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McCain Foods co founder dies of cancer


May 16, 2011
By The Canadian Press

Topics

wallacemccainMay
16, 2011, Toronto, Ont – Wallace McCain, the mogul and philanthropist who
helped turn a small New Brunswick french fry plant into the McCain Foods
multibillion-dollar frozen foods empire, has died. He was 81.

May
16, 2011, Toronto, Ont – Wallace McCain, the mogul and philanthropist who
helped turn a small New Brunswick french fry plant into the McCain Foods
multibillion-dollar frozen foods empire, has died. He was 81.

McCain,
co-founder of McCain Foods and chairman of Maple Leaf Foods, died May 13 in
Toronto after a 14-month battle with pancreatic cancer.

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wallacemccain 
Wallace McCain 

Former
prime minister Paul Martin praised McCain as a great Canadian.

“What
he built in business is now part of our history. But what should be known as
well was his infectious sense of humour, his compassion and his generosity to
so many causes dedicated to making the lives of Canadians better, “ Martin said
in a statement.

McCain’s
closest friends described him as a spry and charismatic man whose generosity
matched his ambition, and whose zest for life never dimmed.

“Wallace
has been my best friend almost all my adult life,” said former New Brunswick
premier Frank McKenna, deputy chairman of TD Bank Group.

“He
was 80 going on 60. He kept himself in superb shape – he had the heart of a
40-year-old,” said McKenna, adding McCain loved to ski, boat and jet ski.

“He’s
fun to be with, he was full of life, he just lived life right to the maximum.
He was just a wonderful person to be around.”

Industrialist
James Irving, whose family businesses competed with McCain’s enterprises on
more than one front in Atlantic Canada, said he was “truly saddened” by
McCain’s death.

“Our
relationship goes back a great number of years and I have many wonderful
memories.”

The
secret to McCain’s corporate success? Always look forward.

“No
matter how good (brother) Harrison and I, and our people, were in our day, it
should never be the same,” Wallace McCain once said. “Great companies renew
themselves.”

McCain
and Harrison founded the New Brunswick-based McCain Foods Ltd. in 1956,
building it into one of the globe’s largest frozen food companies that now
operates in 44 countries and produces more frozen french fries than any other
company in the world.

The
two were following in the steps of their father, who owned a seed potato
exporting business in their hometown of Florenceville, N.B. They hired 30
employees at their new plant and sold $152,000 worth of fries in their first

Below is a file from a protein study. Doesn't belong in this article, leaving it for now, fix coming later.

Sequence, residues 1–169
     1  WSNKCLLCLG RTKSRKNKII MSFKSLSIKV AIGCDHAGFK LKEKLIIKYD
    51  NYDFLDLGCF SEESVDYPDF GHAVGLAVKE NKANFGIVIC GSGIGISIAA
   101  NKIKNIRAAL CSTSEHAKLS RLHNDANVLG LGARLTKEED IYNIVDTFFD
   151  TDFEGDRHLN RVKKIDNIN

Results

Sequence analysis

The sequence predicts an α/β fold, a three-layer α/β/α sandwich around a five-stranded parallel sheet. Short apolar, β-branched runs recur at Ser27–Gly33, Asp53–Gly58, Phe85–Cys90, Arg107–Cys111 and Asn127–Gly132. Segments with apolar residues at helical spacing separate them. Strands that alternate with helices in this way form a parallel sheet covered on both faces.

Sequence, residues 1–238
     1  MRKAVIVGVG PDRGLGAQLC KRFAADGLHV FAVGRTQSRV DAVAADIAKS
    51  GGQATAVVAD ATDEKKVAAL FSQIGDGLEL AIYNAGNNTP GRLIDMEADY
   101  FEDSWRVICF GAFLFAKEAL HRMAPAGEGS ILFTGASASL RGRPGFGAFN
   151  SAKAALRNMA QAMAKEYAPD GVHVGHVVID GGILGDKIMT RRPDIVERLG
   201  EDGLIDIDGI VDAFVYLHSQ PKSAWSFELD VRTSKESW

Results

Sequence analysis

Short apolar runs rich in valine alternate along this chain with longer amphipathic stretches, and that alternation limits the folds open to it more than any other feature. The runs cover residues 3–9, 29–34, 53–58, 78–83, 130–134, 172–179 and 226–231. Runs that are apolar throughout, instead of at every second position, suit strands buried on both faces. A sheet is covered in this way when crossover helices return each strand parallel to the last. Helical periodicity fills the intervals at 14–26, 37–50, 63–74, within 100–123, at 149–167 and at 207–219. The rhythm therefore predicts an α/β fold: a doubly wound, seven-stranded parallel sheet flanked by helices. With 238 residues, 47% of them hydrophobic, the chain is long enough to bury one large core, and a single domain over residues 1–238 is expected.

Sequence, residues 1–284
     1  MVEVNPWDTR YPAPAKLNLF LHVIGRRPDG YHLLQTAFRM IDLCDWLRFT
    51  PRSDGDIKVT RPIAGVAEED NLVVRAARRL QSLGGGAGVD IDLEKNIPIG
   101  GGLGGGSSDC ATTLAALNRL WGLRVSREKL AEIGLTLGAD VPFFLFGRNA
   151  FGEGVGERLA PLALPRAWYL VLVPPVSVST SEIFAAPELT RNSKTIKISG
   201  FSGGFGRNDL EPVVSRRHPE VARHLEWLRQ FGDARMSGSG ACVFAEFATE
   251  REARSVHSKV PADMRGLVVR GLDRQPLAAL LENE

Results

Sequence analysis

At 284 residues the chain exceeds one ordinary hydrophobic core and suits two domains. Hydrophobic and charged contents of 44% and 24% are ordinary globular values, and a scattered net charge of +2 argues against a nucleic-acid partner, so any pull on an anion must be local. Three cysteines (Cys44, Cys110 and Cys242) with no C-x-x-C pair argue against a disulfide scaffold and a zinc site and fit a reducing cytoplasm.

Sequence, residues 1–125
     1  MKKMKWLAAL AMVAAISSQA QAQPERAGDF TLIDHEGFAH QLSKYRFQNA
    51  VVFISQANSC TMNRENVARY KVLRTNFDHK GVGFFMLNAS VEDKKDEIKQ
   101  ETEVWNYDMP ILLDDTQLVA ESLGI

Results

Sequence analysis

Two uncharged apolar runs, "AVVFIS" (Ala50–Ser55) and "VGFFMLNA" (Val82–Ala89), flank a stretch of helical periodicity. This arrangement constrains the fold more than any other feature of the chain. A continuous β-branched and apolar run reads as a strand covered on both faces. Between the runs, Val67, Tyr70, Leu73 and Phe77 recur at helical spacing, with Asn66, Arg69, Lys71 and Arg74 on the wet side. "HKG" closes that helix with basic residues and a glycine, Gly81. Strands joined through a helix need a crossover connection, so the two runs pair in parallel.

year.

But
as consumers craved the convenience of prepared foods, the company grew into
more than small potatoes – expanding into the United Kingdom, Australia and the
United States in less than 15 years.

Throughout
the 1970s, 80s and 90s, McCain snapped up European and American businesses,
expanding into the frozen pizza, vegetable and fish processing markets, and
juice business, and ramping up its number of plants around the world.

But
in 1994, McCain was forced out as co-CEO after a bitter public feud with his
older brother about who would take over the company. Wallace wanted his son
Michael to take the reigns, but Harrison preferred outside managers. More than
$20 million in legal fees later, courts sided with Harrison, who later went on
to name his nephew Allison McCain as his successor. Harrison died in 2004.

McCain
and his brother, who’d been inseparable most of their lives, reconciled well
before Harrison’s death.

New
Brunswick Premier David Alward said the province will always be grateful for McCain’s
“immense contribution” to the company that has helped fuel its economy for
decades.

“Over
the years, the McCains created and maintained good jobs for many people in
Carleton County and throughout our province, and they still do today,” he said
in a statement.

Although
Wallace McCain left the New Brunswick food company, he remained a board member
and vice-chairman and still owned one third, but he couldn’t stay out of the
business that made him one of the world’s richest people.

Last
year, Forbes Magazine listed Wallace McCain as No. 421 on its annual list of
richest billionaires worldwide, giving him a personal net worth of $2.3
billion.

Wallace
is survived by his wife, Margaret, his four children and nine grandchildren.

Funeral
services are planned for May 20.